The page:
More shopping is the challenge

[This article appeared in a supplement to Strategy sponsored by Loyalty Management Group.]Loyalty Management Group Canada focussed its marketing efforts in year one on awareness and enrollment.In year two, as the collector base grew, the company started to concentrate on ways...

[This article appeared in a supplement to Strategy sponsored by Loyalty Management Group.]

Loyalty Management Group Canada focussed its marketing efforts in year one on awareness and enrollment.

In year two, as the collector base grew, the company started to concentrate on ways of cross-activating the collectors, that is, getting to shop with more of the air miles sponsoring companies.

In 1994, with an enrollment of 3.5 million households across the country, that will continue to be the primary objective of the air miles marketing strategy.

Right now, the company is working on defining the target groups of collectors that it wants to concentrate on.

Jo-Ann Blondin, Loyalty Management Group marketing manager, Direct Mail, says:

‘We now have a database, and what we’re getting back from the database is information on what enrollment vehicles are best, what types of collectors are best, what are the psychographics/demographics and purchasing profiles of those collectors that are most active,’ Blondin says.

‘In 1994, we’re going to do a lot of research – do a little bit of testing against the hypotheses that come out of our research and refine what our segments should look like,’ she says.

Claudio Rodrigues, Marketing Manager, Advertising & Promotions says lmgc uses a large stable of marketing suppliers, and adds one of the challenges is to make sure the message that is going out is consistent across the board.

The company meets periodically with its marketing suppliers to lay out its plan and get their input.

air miles refines its research and presents it to the agencies to keep them focussed on three or four key air miles messages that need to be reinforced across all efforts.

Suppliers used by lmg are: DDB Needham Worldwide, Toronto handles English creative and media; Publicite Martin of Montreal, French-language creative; Strategem of Montreal has responsibility for the Quebec media buy; Promo Marketing handles national promotions; Hill & Knowlton of Toronto is the English-language public relations firm, and National, public relations for the French-language market.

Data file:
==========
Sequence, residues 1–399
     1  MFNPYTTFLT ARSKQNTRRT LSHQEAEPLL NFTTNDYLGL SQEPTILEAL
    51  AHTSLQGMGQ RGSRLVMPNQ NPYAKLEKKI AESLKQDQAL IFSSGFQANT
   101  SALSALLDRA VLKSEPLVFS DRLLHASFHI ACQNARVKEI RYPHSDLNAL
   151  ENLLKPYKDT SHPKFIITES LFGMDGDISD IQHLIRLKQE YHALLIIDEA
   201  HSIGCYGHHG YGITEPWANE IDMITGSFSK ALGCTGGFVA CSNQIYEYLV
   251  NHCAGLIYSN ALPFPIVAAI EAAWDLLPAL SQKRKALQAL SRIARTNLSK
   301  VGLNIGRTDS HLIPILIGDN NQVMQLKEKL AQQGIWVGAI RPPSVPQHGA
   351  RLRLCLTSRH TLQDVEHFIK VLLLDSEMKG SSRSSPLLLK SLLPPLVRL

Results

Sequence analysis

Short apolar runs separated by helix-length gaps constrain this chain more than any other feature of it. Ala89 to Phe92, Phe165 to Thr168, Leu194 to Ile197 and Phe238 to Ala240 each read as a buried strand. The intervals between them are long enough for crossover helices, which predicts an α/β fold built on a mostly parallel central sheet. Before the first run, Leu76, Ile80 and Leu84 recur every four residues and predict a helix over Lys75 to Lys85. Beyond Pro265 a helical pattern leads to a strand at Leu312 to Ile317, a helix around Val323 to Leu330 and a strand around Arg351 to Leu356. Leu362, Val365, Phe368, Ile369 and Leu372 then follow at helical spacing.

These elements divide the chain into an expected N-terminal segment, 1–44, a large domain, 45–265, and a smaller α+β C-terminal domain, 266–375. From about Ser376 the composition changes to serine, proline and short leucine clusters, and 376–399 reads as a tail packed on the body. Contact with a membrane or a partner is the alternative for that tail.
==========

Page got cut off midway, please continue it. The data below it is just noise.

‘We have a talented team of agencies that is working closely together to create one of the most exciting new brands in the country,’ Rodrigues says.

Communicaide produces the air miles newsletter that goes out to collectors, and Hughes Rapp Collins takes care of the rest of the direct marketing needs.

QRI International of Toronto handles national qualitative research for lmg; national quantitative research comes from Tandemar of Montreal.

Rodrigues says the air miles marketing program is showing strong results.

A tracking study conducted last November against competitive programs such as loyalty credit cards and merchandise programs indicated that air miles’ unaided awareness numbers were far and away larger than competing programs.

‘In first mention to the question, `Tell me what loyalty programs you know about,’ air miles came out No. 1 with a first mention 35% of the time,’ Rodrigues says.

‘Unaided mention was 51%,’ he says. ‘The next closest competition was 16% first mention and 32% unaided.’

air miles awareness cross-country continues to be high, according to lmg research. ‘Our aided awareness is 92%’ says Rodrigues.

Last November, air miles launched its first mega miles promotion. Twenty-one sponsors participated in a bonus offer book, which promoted traffic back and forth between sponsors.

The campaign was a success, promoting a second mega miles effort which launches this month. Six million bonus offer books will be distributed.

‘Our primary objective is to get our collector base going to as many different sponsors as possible,’ he says.

‘The secret to earning a free flight is to go to Shell and Safeway and Goodyear, and use as many sponsors as you can.

Coalition Database MarketingTM

Jo-Ann Blondin, LMG Canada manager, direct mail, says there are three key marketing reasons for sponsors to join the air miles program.